The Work: New Campaigns - The World


Project: USA, Africa, Australia

Client: Malcolm O'Brien, marketing manager, Lonely Planet Europe

Brief: Feel at home everywhere with Lonely Planet guides

Creative agency: Jung von Matt

Writer: Jo Marie Farwick

Art director: Simon Hiebl

Planner: Julia Kroemker

Media agency: Jung von Matt

Media planner: Julia Kroemker

Illustrator: Simon Hiebl

Exposure: National magazines

THE LOWDOWN The Hamburg-based agency Jung von Matt has created a German print campaign for the travel guide publisher Lonely Planet.

Based on the concept that with a Lonely Planet guide, travellers are armed with the information they need to feel at home wherever they are in the world, three print executions feature the US, Australia and Africa divided into room plans, complete with doors, beds, tables and soft furnishings.

Lonely Planet now publishes more than 650 guidebooks in 14 different languages.


Project: The moment

Client: The Volvo Corporation

Brief: Illustrate the V50's practical and secure yet enticing features

Creative agency: Forsman & Bodenfors

Writer: Jacob Nelson

Art director: Johan Eghammer

Planner: Meta Agren

Media agency: MindShare

Media planner: Torbjorn Larsson

Production company: Hungry Man

Director: Allen Coulter

Editor: John Smith, The Whitehouse

Post-production: Sto.pp

Audio post-production: Housework

Exposure: Scandinavian TV


Allen Coulter, the Hungry Man commercials director and sometime director on The Sopranos, is behind a new spot for Volvo, set to air across Scandinavia.

The ad, for the Volvo V50, was created by the Swedish agency Forsman & Bodenfors, and aims to position the car as an "inspiring hi-tec sports wagon".

"The moment" opens on a moodily shot New York street, with a woman waiting in her V50. She catches the eye of a young man at a bus stop who is reading the same book as her, and in the moment it takes for her to let her friend into the car, the man disappears.

Last year, Volvo sold 71,547 cars in Scandinavia, an increase of 7.5 per cent, which helped the manufacturer maintain its 20 per cent market share in the region.


Project: Disturbance

Client: Steve Davis, senior vice-president, Heineken USA

Brief: Capture and celebrate man's love affair with beer

Creative agency: Publicis New York

Writer: Ken Ratcliffe

Art director: Ted Royer

Planner: n/s

Media agency: MediaVest USA

Media planner: Kieran Colman

Production company: MJZ

Director: Dante Ariola

Editor: Andrea MacArthur, Cosmo Street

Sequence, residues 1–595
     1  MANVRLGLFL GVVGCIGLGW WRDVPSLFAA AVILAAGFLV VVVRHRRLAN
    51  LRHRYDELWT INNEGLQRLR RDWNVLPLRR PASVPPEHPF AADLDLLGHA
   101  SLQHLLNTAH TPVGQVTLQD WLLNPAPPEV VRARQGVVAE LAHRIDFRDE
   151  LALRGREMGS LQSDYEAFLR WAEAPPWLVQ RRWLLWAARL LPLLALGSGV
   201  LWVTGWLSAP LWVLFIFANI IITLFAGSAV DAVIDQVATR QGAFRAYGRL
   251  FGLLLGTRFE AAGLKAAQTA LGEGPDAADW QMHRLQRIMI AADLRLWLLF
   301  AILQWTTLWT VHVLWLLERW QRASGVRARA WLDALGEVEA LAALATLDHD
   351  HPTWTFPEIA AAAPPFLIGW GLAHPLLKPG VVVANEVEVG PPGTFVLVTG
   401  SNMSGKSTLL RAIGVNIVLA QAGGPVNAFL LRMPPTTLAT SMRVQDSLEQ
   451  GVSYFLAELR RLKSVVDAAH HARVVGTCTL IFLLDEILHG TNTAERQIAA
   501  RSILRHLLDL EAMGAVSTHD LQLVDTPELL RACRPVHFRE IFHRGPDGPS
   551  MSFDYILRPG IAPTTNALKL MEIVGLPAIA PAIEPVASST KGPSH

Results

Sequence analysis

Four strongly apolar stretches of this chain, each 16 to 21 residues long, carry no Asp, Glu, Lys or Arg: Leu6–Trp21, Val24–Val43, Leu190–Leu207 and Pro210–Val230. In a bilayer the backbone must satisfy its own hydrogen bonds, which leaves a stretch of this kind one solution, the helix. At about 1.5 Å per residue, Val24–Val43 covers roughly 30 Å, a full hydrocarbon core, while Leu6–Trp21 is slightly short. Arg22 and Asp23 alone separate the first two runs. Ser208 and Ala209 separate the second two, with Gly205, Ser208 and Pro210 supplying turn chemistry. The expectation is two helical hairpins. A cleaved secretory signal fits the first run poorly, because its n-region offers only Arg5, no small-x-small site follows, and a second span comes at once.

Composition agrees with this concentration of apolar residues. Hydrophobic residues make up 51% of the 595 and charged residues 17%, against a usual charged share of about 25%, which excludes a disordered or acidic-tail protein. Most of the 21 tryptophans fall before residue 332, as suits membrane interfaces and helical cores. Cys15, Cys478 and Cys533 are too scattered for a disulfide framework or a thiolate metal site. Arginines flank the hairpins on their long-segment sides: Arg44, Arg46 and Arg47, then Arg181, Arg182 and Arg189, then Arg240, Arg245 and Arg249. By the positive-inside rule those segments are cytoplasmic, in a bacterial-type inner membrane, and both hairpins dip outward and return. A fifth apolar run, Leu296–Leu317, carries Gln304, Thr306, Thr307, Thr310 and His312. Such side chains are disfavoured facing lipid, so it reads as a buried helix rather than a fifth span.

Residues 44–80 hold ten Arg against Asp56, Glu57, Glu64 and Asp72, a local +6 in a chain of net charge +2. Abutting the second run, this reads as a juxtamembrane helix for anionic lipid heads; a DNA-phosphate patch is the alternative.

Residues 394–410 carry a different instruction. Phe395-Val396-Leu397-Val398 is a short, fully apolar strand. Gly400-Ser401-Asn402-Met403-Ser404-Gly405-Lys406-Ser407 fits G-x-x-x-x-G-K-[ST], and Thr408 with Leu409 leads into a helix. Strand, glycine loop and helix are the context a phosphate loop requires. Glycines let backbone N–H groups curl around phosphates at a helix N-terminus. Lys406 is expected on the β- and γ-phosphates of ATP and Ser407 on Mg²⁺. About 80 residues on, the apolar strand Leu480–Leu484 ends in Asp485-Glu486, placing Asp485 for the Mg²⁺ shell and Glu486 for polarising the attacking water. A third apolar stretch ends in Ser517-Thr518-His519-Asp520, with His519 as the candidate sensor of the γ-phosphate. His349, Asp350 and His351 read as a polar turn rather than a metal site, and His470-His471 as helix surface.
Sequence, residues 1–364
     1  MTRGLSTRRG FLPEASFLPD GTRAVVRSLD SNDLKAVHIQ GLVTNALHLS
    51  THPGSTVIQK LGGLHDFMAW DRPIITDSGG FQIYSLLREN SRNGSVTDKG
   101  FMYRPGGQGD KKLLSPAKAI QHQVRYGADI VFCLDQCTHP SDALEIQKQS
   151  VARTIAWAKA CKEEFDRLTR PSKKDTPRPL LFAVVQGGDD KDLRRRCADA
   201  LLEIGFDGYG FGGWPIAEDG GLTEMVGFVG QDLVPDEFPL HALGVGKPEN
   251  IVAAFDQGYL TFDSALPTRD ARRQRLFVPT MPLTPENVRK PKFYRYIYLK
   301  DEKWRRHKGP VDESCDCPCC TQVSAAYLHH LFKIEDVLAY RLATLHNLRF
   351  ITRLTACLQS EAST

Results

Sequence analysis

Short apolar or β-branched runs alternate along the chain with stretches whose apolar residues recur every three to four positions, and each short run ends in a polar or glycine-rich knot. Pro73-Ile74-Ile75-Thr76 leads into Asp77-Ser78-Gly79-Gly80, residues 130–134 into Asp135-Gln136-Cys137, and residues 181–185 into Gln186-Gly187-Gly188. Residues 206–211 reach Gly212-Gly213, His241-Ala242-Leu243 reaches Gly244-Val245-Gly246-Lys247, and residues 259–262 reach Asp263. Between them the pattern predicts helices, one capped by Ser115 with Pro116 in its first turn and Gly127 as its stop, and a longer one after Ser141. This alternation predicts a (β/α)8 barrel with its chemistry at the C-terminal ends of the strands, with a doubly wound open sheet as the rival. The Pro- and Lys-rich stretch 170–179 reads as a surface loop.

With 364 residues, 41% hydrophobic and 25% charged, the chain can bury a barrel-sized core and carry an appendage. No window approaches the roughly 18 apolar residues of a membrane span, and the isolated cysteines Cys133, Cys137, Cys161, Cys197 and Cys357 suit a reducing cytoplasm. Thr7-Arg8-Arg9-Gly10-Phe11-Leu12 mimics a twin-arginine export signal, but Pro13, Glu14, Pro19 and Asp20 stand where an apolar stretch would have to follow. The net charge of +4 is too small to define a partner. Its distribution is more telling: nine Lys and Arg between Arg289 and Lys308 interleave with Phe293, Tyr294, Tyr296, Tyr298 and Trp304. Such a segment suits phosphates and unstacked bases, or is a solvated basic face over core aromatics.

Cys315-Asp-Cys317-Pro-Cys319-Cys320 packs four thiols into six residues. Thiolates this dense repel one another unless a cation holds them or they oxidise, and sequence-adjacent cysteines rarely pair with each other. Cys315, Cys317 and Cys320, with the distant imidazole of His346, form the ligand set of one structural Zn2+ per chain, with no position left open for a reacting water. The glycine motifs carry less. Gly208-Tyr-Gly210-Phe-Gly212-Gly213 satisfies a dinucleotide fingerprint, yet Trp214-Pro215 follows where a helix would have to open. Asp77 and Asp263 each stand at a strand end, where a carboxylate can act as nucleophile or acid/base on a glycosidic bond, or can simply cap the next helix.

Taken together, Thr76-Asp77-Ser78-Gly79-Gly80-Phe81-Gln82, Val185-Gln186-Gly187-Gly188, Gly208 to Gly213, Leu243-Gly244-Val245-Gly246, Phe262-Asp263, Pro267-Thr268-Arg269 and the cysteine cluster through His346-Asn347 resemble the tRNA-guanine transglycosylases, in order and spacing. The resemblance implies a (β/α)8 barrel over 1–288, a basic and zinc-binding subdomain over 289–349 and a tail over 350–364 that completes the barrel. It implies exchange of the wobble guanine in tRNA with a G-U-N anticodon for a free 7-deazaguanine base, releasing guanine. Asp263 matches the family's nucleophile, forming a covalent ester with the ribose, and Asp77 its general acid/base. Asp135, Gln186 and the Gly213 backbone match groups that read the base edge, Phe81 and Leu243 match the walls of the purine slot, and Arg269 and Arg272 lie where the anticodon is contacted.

Post-production: The Mill

Exposure: National TV


A dropped crate of Heineken has widespread ramifications in a new spot from Publicis New York.

The loss of 24 bottles of Heineken is clearly almost enough to cause a rift in space-time. In the ad, it leads a boxer to take his eye off his opponent and a surgeon to stop in mid-operation, while a young man is so saddened by the loss that he is forced to spurn his lover.

Last year saw a 5 per cent increase in Heineken's sales volume in the US, a market where its most recent figures give it a 23.9 per cent share in the imported beer market, and an overall market share of 3 per cent.


Project: Punch drunk

Client: Rossi Ralenkotter, president and chief executive, Las Vegas

Convention and Visitors Authority

Brief: Portray Vegas situations that are open to several interpretations

Creative agency: R&R Partners, Las Vegas

Writers: Adam Cook, Mark D Taylor

Art directors: Rick Bryant, Alex Manosalvas

Media agency: R&R Partners, Las Vegas

Media planners: Paul McGuire, Steve Jaffe

Production company: Hungry Man

Director: Jim Jenkins

Editor: Tiffany Burchard, Filmcore

Exposure: National TV


Playing on its image as a party town that won't kiss and tell, a new spot for Las Vegas from R&R Partners features a punch-drunk pug who can't remember what city he's in, or, fortunately for his trainer, who has clearly got something to hide, what he and his entourage got up to the previous night.

The ad continues R&R Partners' popular "what happens here, stays here" campaign, which has seen the number of visitors increase 5.2 per cent in 2004 to 37.4 million, each with an average gaming budget of $545.

This year is Las Vegas' centennial, an anniversary it is marking with the opening of a new hotel, the Wynn Las Vegas, in April.